Students return to less restrictions as schools learn to 'live with COVID'

This will be the fourth school year impacted by COVID, and many schools are closely resembling pre-pandemic operations.

Katherine Scott Image
Thursday, August 18, 2022
Students return as schools learn to 'live with COVID'
But even positive changes can lead to anxiety. Some students might be inclined to avoid interactions entirely.

PHILADELPHIA (WPVI) -- At Southwest Leadership Academy Charter School on Paschall Avenue in Philadelphia, CEO Leigh Purnell is preparing to welcome children back to the classroom.

"What families can expect is a normal school year. They can expect to see seating in the classroom very similar to what they were used to in our pre-COVID times," said Purnell.

This will be the fourth school year impacted by COVID, and many schools, like this one, are shifting to more closely resemble pre-pandemic operations.

Younger students may not even remember what that was like.

"Bringing students back from a lot of the technology-assisted communication to really get back to face-to-face conversations, it's just a big part of what we need to do to help our students to be successful," said Purnell.

There will still be COVID protocols in place including masking in the event numbers spike.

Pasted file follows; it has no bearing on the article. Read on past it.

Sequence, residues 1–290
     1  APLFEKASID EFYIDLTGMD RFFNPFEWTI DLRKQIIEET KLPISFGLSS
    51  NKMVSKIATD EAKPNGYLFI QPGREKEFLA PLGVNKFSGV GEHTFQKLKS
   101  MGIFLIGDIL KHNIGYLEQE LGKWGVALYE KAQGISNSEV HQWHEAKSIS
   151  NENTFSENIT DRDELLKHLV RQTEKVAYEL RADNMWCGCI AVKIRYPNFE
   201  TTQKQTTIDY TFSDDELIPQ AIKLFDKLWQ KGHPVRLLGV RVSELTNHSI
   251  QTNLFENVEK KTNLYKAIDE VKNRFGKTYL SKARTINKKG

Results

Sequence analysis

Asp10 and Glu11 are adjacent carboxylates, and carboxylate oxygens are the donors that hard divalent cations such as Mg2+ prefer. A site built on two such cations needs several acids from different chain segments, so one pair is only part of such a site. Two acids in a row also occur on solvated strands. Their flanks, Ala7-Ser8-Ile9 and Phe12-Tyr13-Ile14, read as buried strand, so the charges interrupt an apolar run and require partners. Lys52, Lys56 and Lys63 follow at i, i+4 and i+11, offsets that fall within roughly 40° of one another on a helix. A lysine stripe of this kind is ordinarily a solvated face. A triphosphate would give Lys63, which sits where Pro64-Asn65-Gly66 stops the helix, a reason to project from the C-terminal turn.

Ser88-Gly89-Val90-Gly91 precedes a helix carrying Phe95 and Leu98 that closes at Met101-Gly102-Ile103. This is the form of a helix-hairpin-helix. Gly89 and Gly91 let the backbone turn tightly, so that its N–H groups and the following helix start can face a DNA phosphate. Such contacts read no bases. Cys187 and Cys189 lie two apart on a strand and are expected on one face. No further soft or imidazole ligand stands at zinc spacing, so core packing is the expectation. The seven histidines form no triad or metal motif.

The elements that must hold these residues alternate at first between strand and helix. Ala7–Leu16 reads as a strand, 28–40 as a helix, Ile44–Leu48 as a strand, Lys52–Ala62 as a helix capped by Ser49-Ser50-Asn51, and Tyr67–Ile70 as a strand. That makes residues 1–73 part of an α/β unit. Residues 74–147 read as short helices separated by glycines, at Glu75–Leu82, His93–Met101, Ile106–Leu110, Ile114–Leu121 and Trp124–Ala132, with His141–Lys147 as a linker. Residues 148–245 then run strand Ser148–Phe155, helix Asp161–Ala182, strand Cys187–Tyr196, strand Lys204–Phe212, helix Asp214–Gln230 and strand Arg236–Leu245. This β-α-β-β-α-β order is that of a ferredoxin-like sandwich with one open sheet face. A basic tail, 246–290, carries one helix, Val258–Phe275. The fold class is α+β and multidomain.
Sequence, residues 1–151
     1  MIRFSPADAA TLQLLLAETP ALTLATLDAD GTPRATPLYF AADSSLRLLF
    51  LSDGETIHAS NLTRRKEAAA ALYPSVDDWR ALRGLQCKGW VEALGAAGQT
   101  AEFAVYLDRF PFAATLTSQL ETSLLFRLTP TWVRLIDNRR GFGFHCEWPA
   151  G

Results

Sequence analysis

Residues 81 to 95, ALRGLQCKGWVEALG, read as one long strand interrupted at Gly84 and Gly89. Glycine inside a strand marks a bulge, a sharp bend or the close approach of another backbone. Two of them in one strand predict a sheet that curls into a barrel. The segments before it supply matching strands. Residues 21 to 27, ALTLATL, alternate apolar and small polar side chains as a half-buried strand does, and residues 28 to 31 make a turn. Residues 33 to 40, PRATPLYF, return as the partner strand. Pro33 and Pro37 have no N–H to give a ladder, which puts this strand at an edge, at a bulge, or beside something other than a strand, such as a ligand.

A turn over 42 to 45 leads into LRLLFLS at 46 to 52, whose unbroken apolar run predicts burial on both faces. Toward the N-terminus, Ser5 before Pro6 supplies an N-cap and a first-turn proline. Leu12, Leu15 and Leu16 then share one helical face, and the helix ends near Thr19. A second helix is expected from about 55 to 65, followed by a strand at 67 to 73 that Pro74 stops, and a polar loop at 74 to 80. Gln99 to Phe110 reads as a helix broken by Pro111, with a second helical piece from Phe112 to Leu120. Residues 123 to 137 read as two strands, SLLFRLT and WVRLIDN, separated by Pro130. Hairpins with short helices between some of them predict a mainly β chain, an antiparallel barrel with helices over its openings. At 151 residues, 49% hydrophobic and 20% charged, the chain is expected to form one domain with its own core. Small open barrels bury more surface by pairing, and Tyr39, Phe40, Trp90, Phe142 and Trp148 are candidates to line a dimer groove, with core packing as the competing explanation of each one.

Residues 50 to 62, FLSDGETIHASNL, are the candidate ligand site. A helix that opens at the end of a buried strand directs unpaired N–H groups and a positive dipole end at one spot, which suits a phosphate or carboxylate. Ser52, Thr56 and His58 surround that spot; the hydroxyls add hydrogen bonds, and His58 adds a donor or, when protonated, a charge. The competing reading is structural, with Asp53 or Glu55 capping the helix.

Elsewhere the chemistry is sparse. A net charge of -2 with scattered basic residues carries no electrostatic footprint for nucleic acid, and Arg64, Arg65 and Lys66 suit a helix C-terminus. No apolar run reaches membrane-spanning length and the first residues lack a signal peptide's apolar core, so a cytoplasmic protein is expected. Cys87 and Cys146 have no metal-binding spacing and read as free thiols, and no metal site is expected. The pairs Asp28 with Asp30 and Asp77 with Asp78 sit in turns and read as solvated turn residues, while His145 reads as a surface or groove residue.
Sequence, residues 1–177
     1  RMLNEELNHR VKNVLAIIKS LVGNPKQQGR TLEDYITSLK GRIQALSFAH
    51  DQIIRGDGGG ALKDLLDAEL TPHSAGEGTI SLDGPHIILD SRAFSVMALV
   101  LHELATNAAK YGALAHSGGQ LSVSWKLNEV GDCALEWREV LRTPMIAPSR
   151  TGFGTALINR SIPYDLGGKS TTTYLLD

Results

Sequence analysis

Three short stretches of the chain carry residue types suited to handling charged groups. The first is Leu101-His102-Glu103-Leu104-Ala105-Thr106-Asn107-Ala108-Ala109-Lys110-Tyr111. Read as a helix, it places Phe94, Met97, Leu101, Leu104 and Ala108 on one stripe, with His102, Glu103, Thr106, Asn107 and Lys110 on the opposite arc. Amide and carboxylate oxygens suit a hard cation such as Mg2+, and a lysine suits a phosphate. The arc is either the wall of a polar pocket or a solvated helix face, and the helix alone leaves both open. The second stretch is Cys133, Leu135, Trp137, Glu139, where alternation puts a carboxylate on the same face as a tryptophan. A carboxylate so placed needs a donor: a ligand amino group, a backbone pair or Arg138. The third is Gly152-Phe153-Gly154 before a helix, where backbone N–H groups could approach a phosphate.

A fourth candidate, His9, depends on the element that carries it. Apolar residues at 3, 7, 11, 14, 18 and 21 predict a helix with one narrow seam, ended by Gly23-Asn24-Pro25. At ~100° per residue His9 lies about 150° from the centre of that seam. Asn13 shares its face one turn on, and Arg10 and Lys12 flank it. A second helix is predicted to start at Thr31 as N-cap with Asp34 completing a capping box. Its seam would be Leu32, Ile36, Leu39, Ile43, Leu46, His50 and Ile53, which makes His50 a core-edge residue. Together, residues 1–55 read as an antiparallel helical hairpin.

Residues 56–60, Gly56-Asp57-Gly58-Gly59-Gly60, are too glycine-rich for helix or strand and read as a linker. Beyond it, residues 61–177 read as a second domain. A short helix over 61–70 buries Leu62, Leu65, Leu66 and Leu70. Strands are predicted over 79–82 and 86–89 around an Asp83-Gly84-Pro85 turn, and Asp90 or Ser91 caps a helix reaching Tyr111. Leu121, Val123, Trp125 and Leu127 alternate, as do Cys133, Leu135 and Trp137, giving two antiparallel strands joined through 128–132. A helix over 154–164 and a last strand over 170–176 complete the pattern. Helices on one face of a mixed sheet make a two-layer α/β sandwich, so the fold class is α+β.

But, at this school, lunch will move back to the cafeteria from classrooms, and recess programs will move back outside.

"I think there's a combination of feelings. There's certainly trepidation because we've spent so much time being concerned about being in close contact and close quarters with other people," said Purnell.

It's been a balance: making decisions for safety but also ensuring students get the interactions and socialization important for academic and personal development.

"It really is a work in progress," noted Purnell.

But even positive changes can lead to anxiety. Some might be inclined to avoid interactions entirely.

Purnell encourages families to do what they know to do, like hand washing and keeping sick kids home.

"It's time for us to start to move into a space where we are existing with COVID as COVID is becoming endemic," said Purnell.

Some children might need a little extra help as they continue to adapt, in which case, Purnell urges families to be in communication with their children's teachers.

"There is no 'should' when it comes to feelings. Right? And, so know what your child's needs are," said Purnell.

"When they let us know that something is happening, then we can put supports in place in the school, and if we don't have supports in place in the school, we can reach out to the broader community."